The NOI asks a plethora of questions about whether the FCC should (1) retain its existing band configuration but increase operational flexibility, (2) reconfigure the band to establish a broadband service, or (3) retain its existing licensing and eligibility rules.
Regarding the first option, it asked about “the effect that expanding commercial service on 900 MHz B/ILT channels would have on traditional B/ILT licensees. Would making SMR entities eligible for 900 MHz B/ILT spectrum force traditional B/ILT entities to purchase access to this spectrum from commercial providers? Would sufficient spectrum remain available for them to operate and expand their private internal communication systems? What about on other bands? Are the ongoing needs for narrowband communication sufficient to warrant less flexibility? We note that B/ILT eligibility is a relatively low barrier to gain access to the band and that, once authorized, a B/ILT eligible already has the ability to convert the authorization to commercial use. What impact has this had? Are there any other concerns about negative impacts of expanded commercial service on traditional B/ILT users?”
As to the broadband option, the FCC asked “whether or not the Commission should designate some portion of the 900 MHz band for broadband operations. What would be the operational impacts on current and future B/ILT users of designating a broadband segment and requiring incumbents to relocate to a narrowband segment, and how could those impacts be addressed? Would a broadband service in this band better serve the B/ILT users’ needs than the current configuration? Commenters addressing these issues should address the costs and benefits of designating some portion of this band for broadband operations, including providing specific data and information.”
The NOI asked about an ideal broadband band plan, how licenses should be assigned, the process for relocating incumbents, and technical rules.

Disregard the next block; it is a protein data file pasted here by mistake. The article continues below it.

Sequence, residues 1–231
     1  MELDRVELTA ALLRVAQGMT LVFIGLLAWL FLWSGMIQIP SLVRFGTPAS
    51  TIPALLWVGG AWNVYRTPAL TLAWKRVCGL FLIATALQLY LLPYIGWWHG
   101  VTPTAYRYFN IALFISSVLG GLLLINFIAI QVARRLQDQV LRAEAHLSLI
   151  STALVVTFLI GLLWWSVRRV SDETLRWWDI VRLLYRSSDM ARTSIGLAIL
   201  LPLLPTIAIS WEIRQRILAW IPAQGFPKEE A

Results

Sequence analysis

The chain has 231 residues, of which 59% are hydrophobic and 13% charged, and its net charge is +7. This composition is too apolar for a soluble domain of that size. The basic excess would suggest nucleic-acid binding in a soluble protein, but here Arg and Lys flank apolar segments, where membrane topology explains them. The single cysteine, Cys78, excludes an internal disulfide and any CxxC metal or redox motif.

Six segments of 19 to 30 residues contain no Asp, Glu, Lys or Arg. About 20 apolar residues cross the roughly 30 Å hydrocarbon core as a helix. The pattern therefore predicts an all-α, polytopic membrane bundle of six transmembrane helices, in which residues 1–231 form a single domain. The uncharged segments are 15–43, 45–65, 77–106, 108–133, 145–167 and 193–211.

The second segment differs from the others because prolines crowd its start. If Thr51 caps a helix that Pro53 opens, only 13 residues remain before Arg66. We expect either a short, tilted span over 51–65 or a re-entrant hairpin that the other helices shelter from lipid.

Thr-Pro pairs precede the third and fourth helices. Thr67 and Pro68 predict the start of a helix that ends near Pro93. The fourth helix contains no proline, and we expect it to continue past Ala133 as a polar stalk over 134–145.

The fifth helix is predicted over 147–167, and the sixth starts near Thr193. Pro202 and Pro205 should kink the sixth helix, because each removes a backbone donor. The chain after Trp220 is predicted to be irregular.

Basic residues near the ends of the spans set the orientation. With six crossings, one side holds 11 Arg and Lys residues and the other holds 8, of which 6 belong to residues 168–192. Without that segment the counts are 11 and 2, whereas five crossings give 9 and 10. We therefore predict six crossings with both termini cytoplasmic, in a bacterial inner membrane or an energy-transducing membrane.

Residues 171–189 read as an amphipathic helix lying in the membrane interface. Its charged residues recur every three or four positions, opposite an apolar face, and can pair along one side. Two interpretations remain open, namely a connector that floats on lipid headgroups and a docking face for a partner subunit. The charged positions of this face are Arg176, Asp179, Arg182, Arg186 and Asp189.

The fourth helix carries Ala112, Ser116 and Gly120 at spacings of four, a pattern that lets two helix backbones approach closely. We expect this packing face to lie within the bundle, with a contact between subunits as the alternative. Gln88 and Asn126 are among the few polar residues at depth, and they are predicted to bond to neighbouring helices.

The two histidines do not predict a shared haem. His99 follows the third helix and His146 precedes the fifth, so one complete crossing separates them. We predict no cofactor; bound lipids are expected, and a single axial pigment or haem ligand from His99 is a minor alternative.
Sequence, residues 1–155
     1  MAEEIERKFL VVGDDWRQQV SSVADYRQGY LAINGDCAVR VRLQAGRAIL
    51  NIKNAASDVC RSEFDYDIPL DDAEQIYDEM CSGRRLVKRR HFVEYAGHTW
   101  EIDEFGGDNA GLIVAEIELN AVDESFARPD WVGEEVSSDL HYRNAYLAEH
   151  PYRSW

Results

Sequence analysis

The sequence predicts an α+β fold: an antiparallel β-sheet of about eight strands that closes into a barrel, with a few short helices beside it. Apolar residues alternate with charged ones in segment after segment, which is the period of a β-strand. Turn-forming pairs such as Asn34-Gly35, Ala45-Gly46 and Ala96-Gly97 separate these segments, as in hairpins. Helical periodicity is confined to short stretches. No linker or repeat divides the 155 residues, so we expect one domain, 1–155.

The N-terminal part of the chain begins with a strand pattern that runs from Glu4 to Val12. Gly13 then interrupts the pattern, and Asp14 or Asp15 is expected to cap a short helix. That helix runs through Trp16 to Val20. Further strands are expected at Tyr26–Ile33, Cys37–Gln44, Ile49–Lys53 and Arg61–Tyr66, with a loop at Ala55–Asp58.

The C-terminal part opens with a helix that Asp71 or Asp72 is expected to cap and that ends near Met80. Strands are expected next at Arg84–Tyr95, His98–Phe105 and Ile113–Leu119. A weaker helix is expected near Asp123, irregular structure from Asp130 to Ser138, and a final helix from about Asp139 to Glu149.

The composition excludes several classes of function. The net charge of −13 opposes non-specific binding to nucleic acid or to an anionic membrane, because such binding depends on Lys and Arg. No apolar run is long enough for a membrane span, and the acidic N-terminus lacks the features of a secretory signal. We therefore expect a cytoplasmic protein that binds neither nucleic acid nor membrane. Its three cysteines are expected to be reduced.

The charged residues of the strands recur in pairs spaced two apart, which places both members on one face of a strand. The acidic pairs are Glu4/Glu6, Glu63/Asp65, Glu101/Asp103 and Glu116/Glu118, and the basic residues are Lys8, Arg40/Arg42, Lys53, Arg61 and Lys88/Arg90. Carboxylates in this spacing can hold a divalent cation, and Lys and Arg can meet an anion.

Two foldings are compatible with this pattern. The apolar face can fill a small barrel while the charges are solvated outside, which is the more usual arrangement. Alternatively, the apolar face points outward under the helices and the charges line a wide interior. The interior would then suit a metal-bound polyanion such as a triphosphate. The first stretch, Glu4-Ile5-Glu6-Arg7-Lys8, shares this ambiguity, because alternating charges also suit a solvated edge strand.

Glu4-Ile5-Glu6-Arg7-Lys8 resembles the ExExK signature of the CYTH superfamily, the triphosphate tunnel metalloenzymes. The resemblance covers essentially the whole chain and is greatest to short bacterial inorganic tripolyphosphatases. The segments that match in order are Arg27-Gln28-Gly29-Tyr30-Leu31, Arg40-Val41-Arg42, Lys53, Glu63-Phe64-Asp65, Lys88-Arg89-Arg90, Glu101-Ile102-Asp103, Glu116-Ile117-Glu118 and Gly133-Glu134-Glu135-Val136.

Regarding the third option – retaining the existing rules – the NOI sought “comment on whether the 900 MHz band B/ILT channels should continue to be reserved for site-based B/ILT private internal communications to ensure that spectrum is available to B/ILT entities’ private internal communication needs. Would this best serve the public interest? What are the costs and benefits of such an approach? Do the present rules meet the current and future needs of B/ILT entities? Do they accommodate developing technologies, and ensure that the band is being used efficiently? If the Commission retains the current licensing and eligibility rules, should any of the rule changes discussed above to make the spectrum more useful in connection with increasing operational flexibility by permitting expanded commercial service be considered to make the spectrum more useful to B/ILT users? What amendments to the current technical rules would be desired? What new functionality would result? Are there other narrowband B/ILT services that could be accommodated, or other services, like IoT, that could be accommodated with minor adjustments to the rules? We request that commenters discuss the costs and benefits of the current licensing and eligibility rules, as well as any alternative approaches.”
In response to the release of the NOI today, pdvWireless declined to comment, other than to issue a news release saying that the NOI had been adopted, while an attorney for M2M also declined to comment. EWA did not immediately respond late this afternoon to requests for comment.- Paul Kirby, email@example.com